I. INTRODUCTION AND PRESENTATION
This article is concerned with the legal challenges of regulating civil wars in international humanitarian law.1 Civil war is not a term used in international law; it falls, however, within the context of the legal term 'armed conflicts not of an international character', although the shorter 'non-international armed conflict' is used here. Civil wars are usually limited to the territory of a state. Considering that international law is generally concerned with the legal relations between states - being a legal system based on the system of states with states as its subjects - the main question is how civil wars as internal conflicts have become subject to international humanitarian law.
International humanitarian law, which is a term that came into the legal vocabulary after World War Two, is the part of international law that regulates behaviour during armed conflicts; other legal terms used are the 'laws of war', 'jus in bello' or 'the laws of armed conflict'. International humanitarian law applies to all participants regardless of who caused the conflict. In this sense, international humanitarian law as jus in bello is distinct from the jus ad bellum, the right to start a war or use armed force, and the two are watertight compartments.2
Traditionally in international law, belligerent status, as the right to wage war during wartime, has been considered the prerogative of states. Only states and their armed forces could lawfully participate in armed conflicts, and as such they were considered equal. Consequently, until 1949, international humanitarian law dealt with international armed conflicts, i.e. wars between states. Indeed the laws of war were the subject of some of the first conventions in international law, such as the first Geneva Convention from 1864, which also marked the birth of the International Committee of the Red Cross (ICRC).3 The legacy of Henri Dunant is often mentioned as the driving force behind the convention; what must also be taken into account, however, are the political and religious movements in Europe at the time, which created a window of opportunity during which states agreed to limited themselves legally in their right to wage war.4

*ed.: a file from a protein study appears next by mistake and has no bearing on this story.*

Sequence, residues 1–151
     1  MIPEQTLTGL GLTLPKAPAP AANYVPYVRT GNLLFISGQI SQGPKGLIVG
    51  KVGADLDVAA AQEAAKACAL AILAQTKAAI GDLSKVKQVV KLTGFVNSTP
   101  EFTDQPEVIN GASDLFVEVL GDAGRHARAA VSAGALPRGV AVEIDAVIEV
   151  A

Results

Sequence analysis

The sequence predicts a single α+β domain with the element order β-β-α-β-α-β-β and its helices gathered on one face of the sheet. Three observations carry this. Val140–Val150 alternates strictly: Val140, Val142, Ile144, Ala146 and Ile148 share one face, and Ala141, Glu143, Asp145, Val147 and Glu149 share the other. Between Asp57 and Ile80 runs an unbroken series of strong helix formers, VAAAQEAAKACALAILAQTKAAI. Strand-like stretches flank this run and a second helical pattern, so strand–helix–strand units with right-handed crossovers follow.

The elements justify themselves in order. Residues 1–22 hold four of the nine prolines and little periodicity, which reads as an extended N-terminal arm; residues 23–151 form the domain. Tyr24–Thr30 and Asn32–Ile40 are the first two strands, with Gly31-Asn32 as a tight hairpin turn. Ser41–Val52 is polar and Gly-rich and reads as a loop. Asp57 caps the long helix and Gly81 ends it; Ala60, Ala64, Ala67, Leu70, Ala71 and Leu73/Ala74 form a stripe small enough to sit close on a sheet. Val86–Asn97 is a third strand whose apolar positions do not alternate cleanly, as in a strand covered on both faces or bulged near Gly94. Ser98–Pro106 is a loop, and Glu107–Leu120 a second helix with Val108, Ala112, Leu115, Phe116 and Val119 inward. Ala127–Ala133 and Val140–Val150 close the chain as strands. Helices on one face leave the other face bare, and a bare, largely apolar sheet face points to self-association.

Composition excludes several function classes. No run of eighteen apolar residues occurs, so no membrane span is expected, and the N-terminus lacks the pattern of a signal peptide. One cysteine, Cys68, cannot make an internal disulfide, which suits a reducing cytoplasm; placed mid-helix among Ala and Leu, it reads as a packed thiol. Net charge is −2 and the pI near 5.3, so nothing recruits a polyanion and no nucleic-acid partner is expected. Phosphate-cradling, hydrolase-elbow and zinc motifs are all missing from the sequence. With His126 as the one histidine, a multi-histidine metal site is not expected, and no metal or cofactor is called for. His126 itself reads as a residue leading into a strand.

More narrowly, international humanitarian law is aimed at regulating conduct during armed conflict, and at protecting civilians and the victims of war. In more practical terms international humanitarian law has sought to balance the requirements of military necessity and the principles of humanity. Regulation of non-international armed conflict has been less extensive than that of international armed conflict, and was first made part of international humanitarian law with the introduction of a common Article 3 into each of the four Geneva Conventions from 1949, which are mainly concerned with the regulation of international armed conflicts. These conventions, together with their two Additional Protocols from 1977, are considered the core of international humanitarian law. They build on the experience of World War Two, and must be analysed in this context. The fact that Article 3 set minimum standards for non-international armed conflicts broke new ground in international law. Until then civil wars had been considered to fall within the internal affairs of states and were not subject to international regulation; for this reason, the inclusion of Article 3 met with a lot of resistance.5 The 1949 Geneva Conventions include 394 articles that relate to international armed conflict. Together with the 1977 Additional Protocol 1, which also concerns international armed conflict, there are altogether 496 articles regulating armed conflict between states. By comparison, Article 3 of the 1949 Conventions, which sets minimum standards in non-international armed conflicts, along with the 1977 Additional Protocol 2, which formulates rules for non-international armed conflicts, has 28 articles.
Generally states are only bound by the convention obligations they have ratified. …